Juan R. Cullen wrote:

"I need any information about Robert Cullen (gr-grandfather), living second half of the 19th Century in Dublin (7 Greenville Terrace, South Circular Road). Robert was Assistant Curator Pathological Museum TCD (Trinity College Dublin). Married Catherine Delaney, and parents of Robert Cullen Delaney (my grandfather), who was born on February 17th., 1885. Robert Cullen Delaney emigrated to Argentina (first arriving to Sandy Point in Chile, and later settled in Rio Gallegos, Argentina) on board the ship Oriana, leaving Liverpool on December 16th., 1908. My grandfather had at least two brothers: Joe (Joseph), who emigrated to Louisiana, USA, around last years of the 19th. century, or most probably at begining 20th. century. I’ve no other details about his life. The other brother, Patrick, born about 1897, had to leave Ireland due to be pursued by the English army as it was an IRA member. He left Liverpool on 08 July 1920, at the age of 23 years, aboard the ship Orduna, and shelter with my grandfather in Rio Gallegos. Later he went to Louisiana to see the other brother, and finally return to the Republic of Ireland.

My grandfather also had at least one sister who joined a religious order and remained until about twenty years ago in a convent in Liverpool. She is almost certainly already dead.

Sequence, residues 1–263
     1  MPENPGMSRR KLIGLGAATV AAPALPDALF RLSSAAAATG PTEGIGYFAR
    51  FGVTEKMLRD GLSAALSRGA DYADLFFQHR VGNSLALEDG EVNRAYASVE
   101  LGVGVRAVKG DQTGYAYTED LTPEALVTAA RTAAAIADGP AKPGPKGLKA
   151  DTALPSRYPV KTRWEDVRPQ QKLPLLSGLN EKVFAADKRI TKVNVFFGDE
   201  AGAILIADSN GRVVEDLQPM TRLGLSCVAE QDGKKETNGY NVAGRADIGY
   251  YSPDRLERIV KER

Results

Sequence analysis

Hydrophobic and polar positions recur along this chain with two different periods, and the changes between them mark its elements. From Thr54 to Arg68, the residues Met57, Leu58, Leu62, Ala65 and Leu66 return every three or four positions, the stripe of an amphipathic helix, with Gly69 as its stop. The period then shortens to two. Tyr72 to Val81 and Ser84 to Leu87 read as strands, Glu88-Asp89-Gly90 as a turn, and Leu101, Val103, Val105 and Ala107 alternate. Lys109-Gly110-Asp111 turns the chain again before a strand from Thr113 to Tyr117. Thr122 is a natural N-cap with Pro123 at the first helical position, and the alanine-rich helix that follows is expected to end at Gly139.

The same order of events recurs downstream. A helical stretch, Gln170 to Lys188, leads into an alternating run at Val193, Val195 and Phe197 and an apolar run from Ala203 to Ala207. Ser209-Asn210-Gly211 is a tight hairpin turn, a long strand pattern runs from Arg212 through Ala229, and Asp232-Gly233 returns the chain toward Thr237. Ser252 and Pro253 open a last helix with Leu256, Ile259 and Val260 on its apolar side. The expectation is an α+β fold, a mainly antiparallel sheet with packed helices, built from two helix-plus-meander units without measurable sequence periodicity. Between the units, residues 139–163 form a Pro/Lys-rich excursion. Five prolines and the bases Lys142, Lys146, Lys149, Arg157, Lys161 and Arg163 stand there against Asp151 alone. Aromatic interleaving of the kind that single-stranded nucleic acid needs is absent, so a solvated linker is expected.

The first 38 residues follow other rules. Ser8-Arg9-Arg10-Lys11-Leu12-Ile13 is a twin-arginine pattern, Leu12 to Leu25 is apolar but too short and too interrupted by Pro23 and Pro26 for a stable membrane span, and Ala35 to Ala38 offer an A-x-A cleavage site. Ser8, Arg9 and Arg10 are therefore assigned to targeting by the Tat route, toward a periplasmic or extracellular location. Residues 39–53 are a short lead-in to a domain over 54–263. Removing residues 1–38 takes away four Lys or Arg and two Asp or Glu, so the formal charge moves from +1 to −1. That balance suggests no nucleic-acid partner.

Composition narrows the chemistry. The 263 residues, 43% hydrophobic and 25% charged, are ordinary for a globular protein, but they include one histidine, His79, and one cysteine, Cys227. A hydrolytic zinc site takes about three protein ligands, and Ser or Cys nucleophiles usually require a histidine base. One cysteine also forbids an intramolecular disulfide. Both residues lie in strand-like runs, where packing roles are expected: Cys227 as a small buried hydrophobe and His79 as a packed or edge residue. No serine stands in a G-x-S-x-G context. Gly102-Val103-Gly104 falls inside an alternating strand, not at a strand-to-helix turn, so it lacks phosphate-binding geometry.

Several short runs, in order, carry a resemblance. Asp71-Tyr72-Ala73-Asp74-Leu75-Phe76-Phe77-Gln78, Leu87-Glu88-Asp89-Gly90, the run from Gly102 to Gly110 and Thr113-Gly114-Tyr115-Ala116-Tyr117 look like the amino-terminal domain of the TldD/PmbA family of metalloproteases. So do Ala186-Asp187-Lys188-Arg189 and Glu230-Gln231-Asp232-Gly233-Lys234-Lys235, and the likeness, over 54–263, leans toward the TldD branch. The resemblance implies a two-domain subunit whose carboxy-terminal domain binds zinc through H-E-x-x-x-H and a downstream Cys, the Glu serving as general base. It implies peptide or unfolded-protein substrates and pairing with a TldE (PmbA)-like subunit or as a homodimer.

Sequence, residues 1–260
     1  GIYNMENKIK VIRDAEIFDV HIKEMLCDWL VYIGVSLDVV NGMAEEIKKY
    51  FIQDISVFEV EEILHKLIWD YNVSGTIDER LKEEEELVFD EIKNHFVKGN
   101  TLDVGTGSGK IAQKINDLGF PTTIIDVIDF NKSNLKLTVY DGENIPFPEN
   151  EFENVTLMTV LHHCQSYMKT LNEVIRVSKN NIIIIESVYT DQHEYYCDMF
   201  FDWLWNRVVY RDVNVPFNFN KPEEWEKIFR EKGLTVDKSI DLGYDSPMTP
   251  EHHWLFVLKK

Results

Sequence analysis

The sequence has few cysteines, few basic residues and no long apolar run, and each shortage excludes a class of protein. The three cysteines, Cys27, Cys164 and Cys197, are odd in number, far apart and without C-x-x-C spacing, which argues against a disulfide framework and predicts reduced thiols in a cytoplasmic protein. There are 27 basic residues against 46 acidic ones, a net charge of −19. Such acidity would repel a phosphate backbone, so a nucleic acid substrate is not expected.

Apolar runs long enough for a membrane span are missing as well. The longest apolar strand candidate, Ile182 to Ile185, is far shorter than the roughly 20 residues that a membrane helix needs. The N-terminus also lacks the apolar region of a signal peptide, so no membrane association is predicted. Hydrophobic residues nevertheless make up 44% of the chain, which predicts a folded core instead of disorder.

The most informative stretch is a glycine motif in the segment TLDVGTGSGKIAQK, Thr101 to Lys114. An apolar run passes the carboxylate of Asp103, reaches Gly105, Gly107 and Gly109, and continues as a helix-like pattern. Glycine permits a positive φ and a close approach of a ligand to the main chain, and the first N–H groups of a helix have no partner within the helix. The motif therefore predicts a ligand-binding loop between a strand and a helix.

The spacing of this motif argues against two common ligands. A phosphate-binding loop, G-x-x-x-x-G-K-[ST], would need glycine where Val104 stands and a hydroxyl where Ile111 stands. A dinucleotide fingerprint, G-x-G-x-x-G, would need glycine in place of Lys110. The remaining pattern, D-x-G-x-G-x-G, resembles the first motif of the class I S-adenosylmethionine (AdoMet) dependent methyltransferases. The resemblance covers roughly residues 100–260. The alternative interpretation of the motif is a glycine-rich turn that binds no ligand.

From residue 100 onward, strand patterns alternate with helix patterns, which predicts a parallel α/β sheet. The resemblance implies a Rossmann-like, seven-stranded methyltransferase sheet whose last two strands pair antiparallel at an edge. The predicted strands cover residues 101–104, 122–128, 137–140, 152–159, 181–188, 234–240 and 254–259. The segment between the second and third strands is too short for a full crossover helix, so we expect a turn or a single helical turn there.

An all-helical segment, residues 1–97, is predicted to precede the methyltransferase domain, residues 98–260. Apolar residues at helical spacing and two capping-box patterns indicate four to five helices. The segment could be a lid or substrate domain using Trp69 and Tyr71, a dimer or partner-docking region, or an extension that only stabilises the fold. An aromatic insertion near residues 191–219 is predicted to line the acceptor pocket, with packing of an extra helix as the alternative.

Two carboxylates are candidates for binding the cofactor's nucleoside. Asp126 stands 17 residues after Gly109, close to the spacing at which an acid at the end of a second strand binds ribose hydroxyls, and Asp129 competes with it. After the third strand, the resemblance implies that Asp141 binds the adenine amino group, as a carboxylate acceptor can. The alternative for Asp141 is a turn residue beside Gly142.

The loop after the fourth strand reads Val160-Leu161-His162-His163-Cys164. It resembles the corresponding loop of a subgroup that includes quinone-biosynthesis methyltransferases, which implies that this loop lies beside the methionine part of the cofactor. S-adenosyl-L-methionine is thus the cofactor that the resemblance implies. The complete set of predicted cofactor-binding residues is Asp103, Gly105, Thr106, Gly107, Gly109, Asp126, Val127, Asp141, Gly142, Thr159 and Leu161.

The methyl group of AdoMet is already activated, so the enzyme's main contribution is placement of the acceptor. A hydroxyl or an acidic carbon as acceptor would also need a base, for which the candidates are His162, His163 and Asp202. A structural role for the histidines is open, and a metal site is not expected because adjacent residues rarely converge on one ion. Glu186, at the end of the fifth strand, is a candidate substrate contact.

My grandfather was married in Rio Gallegos with Lavinia Cox, daughter of an administrator of the coal mines in Chile, which had been recruited in Wales.

Robert Cullen Delaney, my grandfather, married and with three children (two men and a girl, all between five and ten years old at that time) had to leave Argentina for health problems, and headed to California to settle there, but the ship that they moved made a landfall in Chile, and they decided to stay in this country.

Any information regarding siblings of my grandfather and my great grandfather and other ancestors would be very grateful."

Great site for Cavan Cullens:

Mark Cullen of Canada has created a great site with the history of his family who went from County Cavan, Ireland to Quebec: http://www.cullenancestry.ca

In Mark's words: "